Chris Harrison: Why ‘The Bachelorette’ waited to address Tayshia Adams

Chris Harrison compared this season of “The Bachelorette” with a scary movie.

“It’s like a horror film, for a bad analogy. You know he’s around the corner somewhere, you don’t know which door,” the longtime host told The Post. In this case, it’s not a monster under the bed, it’s the dramatic switch taking place this season.

Rumors have swirled since summer that Tayshia Adams would replace Clare Crawley as the Season 16 leading lady. Though three episodes in, the hit ABC dating show waited until the end of this week’s episode to finally acknowledge what fans have been buzzing about for months.

“We’re not pretending anymore, we’re with you,” said Harrison, 49, of the show’s decision to address “the elephant in the room.”

“It was fun for us and challenging to try to decide how and if and where we’re going to lean into the rumors and lean into what happened,” he said. “Even if things get spoiled or you might know [what’s going on], you don’t really know.”

There was a method to the madness in waiting, he explained. “First and foremost, we wanted to make sure this was Clare’s season of ‘The Bachelorette,’ ” Harrison said, noting he was “intimately” involved with making the decision to bring on Adams.

But it’s a gray area as to whether Crawley, 39, was part of it. “Clare needed to be allowed to drive the show and be in charge,” said Harrison. “It’s tough to come up with a plan when you’re dealing with someone who’s going to make the ultimate decision for you. [She] can’t necessarily be in the planning stages of that.”

However, behind-the-scenes rumors have spread that it was the producers’ idea to have Crawley leave early. Due to the coronavirus, the show could not allow the cast to travel around the world as usual. Blogger Reality Steve alleged the double-Bachelorette decision was made so the season would have a twist and Crawley has liked tweets supporting this theory. ABC exec Rob Mills said the show started making calls to replace her after the last date that aired, in which Clare gifted the rose to herself.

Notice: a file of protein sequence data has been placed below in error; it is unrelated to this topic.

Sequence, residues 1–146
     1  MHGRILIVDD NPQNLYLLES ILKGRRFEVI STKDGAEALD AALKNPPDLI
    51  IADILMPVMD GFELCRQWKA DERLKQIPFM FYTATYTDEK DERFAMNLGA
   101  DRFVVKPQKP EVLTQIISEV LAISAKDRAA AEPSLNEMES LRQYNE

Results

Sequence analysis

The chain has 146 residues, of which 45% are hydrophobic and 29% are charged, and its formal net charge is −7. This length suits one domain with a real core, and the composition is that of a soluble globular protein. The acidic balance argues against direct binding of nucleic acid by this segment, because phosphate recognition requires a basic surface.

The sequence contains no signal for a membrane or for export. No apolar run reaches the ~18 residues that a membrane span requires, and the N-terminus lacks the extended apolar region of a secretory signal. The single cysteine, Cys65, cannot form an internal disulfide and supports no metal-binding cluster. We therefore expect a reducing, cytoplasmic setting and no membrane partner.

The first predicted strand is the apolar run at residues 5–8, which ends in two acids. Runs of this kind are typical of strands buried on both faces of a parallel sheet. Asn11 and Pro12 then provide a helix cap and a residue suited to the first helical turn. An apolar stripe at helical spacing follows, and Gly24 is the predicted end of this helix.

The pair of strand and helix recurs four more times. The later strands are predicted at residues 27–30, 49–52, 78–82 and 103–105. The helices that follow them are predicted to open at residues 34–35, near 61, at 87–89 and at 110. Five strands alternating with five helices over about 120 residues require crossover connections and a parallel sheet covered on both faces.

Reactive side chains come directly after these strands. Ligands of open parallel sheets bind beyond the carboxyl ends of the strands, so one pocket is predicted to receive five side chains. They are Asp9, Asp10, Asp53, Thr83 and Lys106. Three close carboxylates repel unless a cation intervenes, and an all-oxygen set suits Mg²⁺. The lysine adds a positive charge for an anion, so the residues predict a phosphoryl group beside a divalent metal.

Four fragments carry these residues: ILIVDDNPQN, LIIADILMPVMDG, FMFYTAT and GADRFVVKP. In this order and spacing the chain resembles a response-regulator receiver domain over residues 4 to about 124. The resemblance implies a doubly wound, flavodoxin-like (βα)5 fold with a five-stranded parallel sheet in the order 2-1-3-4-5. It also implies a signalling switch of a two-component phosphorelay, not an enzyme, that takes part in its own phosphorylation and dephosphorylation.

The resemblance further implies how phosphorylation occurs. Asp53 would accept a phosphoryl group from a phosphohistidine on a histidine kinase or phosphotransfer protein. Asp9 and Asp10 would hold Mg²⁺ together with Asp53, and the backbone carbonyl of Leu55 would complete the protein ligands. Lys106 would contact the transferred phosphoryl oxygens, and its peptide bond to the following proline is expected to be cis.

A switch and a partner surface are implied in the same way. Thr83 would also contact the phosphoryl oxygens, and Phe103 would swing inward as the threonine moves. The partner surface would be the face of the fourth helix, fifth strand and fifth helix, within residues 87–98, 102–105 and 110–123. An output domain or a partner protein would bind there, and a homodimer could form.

Though he called the situation “a dilemma,” Harrison said, “Clare falling in love is not a bad thing.”

“If we do that in 10 weeks? Great. If we do that in a year? Super. If we do that in 10 days? Wow, OK, that’s a record,” he said. Crawley reportedly leaves the show with Dale Moss, whom she called “her fiancé” on this week’s episode.

Harrison is now in another quarantine bubble, filming Matt James‘ upcoming season of “The Bachelor,” which will start airing in January. He’s also launching a new line of men’s wedding rings with the brand Manly Bands, with prices ranging from $650 to $3,500. “Is there anything more on brand and on point than that?” the father of two said.

Typically, engagement ring designer Neil Lane brings rings on “The Bachelor,” and Harrison saw a stark contrast between the number of options for men and women.

“There’s this massive selection of rings: What cut you want, what kind of lay you want, how many diamonds, what color, what material,” he explained. “But when you get a men’s ring, there’s like three choices. Men really like to dive into this stuff too.”

One of his favorites from the collection is, of course, a rose-gold band. “I’ve been wearing a bunch of them. If I’m at a rose ceremony I wear one ring, if I’m sitting around in my blue jeans and my flannel shirt I wear another ring,” said Harrison, who is dating “Entertainment Tonight” host Lauren Zima.

Normally, “The Bachelorette” films in the spring, but was pushed this year because of the pandemic. The filming of one show and the airing of another have never overlapped before. “This is definitely crossing streams. It’s a lot to keep straight,” the host said. “It’s a lot of promoting one show and walking out the door and shooting the other, trying to remember what I need to keep secret.”

Though — like always — he promised that this run of “The Bachelorette” is “the most dramatic season ever,” Harrison is sure he’ll be saying those magic words on Adams’ season too.

“When I say it, I really believe it,” he said. “But we always outdo ourselves.”

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